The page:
orwhut said...

a relative went to a Bob Dylan concert and was arrested for DUI as he drove away from the auditorium....The judge told him that if he made him hold a jury trial and lost, he'd fine him $1,000 and 30 days in jail. Not having a thousand dollars or being able to get off work to serve thirty days, he pled guilty and now has a DUI conviction on his record

Yeah, but was he guilty of DUI ?
Knowing the answer to that could put an entirely different spin on how one perceives the plea in that particular case.

orwhut said...

I don't know the answer to that question and I don't think my relative does either.

Farflung said...

Leslie was granted a new trial because new evidence was found? A witness recanted? Her rights were violated? Nope. Her lawyer managed to drown himself on the very weekend before closing arguments. Out of an abundance of caution, she was granted a new trial to avoid an ineffective defense claim.

Sooooo.... What's different about the second trial? 20-20 Hindsight!

The same evidence is going to be pulled out of the closet, same court system, and tha same DA's office will assemble and produce... The same result. Me so shocked.

The difference, or opportunity in the second trial was Van Houten. She should suspect (expect) the same outcome since a drowned defense lawyer does not facilitate innocence.

Bruce, Bobby, Grogan, Manson, Atkins, and Pat could have served as some sort of tea leaves, to divine your future. It's no going to turn out well.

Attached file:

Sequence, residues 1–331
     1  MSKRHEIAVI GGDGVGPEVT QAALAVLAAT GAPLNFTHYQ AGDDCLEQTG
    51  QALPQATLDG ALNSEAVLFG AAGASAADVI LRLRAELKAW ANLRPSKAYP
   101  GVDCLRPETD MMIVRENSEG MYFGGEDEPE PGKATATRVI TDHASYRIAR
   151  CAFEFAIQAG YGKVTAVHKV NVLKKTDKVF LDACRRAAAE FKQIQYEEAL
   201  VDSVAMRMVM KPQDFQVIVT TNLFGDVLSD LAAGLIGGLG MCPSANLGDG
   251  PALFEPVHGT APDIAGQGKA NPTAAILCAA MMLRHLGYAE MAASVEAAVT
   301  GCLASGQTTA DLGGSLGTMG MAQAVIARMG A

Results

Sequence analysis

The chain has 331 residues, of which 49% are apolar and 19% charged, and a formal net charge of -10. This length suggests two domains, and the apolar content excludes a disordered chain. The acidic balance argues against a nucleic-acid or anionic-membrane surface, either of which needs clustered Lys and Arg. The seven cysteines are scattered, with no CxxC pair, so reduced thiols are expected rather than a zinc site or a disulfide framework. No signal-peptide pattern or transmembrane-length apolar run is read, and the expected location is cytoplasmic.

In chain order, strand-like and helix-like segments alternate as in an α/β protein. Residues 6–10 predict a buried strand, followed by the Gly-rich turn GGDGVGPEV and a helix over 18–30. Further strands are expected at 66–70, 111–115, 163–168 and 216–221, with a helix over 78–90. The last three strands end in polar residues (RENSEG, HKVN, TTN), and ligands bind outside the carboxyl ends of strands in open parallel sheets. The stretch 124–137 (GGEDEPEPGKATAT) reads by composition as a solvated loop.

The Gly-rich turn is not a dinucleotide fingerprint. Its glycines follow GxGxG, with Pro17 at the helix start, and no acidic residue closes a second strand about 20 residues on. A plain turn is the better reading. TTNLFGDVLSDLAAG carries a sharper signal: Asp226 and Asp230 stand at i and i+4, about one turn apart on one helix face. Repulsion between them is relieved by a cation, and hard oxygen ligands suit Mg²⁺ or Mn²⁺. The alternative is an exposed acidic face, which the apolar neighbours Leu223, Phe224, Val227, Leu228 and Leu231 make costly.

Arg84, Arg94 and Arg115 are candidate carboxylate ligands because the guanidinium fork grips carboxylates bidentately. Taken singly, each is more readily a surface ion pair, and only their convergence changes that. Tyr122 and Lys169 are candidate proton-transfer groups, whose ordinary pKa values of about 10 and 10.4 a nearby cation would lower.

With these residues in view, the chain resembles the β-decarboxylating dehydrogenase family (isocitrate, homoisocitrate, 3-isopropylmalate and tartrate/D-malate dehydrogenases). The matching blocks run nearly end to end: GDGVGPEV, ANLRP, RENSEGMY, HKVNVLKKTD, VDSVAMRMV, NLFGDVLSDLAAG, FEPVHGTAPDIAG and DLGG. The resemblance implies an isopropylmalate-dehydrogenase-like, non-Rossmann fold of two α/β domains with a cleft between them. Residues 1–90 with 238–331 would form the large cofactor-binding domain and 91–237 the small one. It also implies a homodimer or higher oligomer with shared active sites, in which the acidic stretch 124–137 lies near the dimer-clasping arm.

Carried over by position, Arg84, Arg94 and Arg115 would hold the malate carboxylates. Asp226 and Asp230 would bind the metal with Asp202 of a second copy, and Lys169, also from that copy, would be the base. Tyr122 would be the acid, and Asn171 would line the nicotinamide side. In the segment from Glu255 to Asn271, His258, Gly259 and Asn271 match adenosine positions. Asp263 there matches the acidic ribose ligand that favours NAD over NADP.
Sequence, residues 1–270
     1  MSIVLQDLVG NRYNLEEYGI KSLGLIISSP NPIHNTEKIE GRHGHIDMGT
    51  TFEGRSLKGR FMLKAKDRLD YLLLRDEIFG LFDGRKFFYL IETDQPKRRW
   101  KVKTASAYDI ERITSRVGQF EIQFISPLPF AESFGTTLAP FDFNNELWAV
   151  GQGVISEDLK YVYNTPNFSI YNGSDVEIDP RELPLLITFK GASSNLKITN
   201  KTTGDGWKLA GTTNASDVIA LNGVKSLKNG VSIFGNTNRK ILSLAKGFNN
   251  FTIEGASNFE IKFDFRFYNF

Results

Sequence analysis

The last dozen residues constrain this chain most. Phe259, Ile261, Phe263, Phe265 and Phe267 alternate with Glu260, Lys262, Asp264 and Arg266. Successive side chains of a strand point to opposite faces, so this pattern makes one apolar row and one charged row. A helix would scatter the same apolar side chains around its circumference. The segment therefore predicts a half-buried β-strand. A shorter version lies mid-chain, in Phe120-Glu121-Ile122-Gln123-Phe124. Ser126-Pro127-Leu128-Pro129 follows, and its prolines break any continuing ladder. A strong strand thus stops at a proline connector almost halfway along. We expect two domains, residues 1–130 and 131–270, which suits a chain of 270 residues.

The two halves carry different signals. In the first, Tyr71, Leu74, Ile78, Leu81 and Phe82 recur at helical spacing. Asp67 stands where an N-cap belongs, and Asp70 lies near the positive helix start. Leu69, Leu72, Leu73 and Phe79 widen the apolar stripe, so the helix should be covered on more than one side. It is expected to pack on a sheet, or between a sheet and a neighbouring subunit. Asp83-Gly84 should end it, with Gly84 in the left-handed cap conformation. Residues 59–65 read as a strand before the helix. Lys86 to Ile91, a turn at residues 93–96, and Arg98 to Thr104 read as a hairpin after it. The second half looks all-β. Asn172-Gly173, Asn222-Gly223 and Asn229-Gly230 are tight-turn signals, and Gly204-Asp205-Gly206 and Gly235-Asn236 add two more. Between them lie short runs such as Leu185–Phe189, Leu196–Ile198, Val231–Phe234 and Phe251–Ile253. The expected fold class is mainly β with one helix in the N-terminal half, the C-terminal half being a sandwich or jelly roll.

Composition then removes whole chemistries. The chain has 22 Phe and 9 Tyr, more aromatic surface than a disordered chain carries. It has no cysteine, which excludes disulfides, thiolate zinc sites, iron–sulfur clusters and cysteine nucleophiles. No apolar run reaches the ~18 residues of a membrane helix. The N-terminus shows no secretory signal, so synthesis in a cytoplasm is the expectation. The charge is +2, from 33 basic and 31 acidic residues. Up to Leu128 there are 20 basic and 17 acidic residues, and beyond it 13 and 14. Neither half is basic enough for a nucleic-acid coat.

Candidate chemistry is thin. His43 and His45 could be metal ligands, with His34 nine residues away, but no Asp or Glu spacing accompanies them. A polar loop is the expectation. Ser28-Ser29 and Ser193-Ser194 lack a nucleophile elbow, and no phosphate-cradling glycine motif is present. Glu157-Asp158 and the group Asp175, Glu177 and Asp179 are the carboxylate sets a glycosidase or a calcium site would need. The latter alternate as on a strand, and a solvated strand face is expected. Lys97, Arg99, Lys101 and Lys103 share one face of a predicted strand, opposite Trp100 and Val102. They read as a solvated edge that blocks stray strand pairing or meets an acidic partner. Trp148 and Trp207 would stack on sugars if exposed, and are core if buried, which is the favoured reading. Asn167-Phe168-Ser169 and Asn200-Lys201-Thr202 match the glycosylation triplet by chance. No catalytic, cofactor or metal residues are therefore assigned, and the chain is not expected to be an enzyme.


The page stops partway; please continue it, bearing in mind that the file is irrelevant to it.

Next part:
With the death penalty suspended, a previous conviction, and having already served an average amount of time for murder; why not plea guilty and punt?

I simply don't see a "strategy" behind doing the same failed process with an expectation of a different outcome.

Either way, it's been 38 years since that last decision, and one would hope there is a lesson learned somewhere in there.

Robert Hendrickson said...

YES Farflung, Leslie had a mental disconnect with reality, BUT isn't part of a Judge's duty to keep an eye out for "Incompetency" in HIS courtroom. Obviously HER lawyer also fell into that category or HE was just another judicial gangster like the ALL the others.

grimtraveller said...

Farflung said...

I simply don't see a "strategy" behind doing the same failed process with an expectation of a different outcome

Put the way you did in that post, your reasoning is pretty irresistible. The only difference is that whereas Leslie was firmly Charlie's girl first time round, by '78 she'd come to her senses and I guess, wanted the rest of the world to know it too.
One of Leslie's problems is and was that even though the argument that she would possibly never have murdered had she not been in with Charlie definitely has legs, she's the only one of all of the killers in all the crimes that professed a desire to go out and kill. In advance. She was adamant that she wasn't mentally ill in '69/70 {even though Marvin Part clearly thought she was}. The irony is that the women's attempts to normalize murder worked so well {interestingly, none of the guys sought to normalize it} that it became almost impossible for them years down the line to go down the route of diminished responsibility. Or more precisely, to be believed in that realm. And Tex's attempts to fake it only to be found guilty put the kibosh on them ever being believed.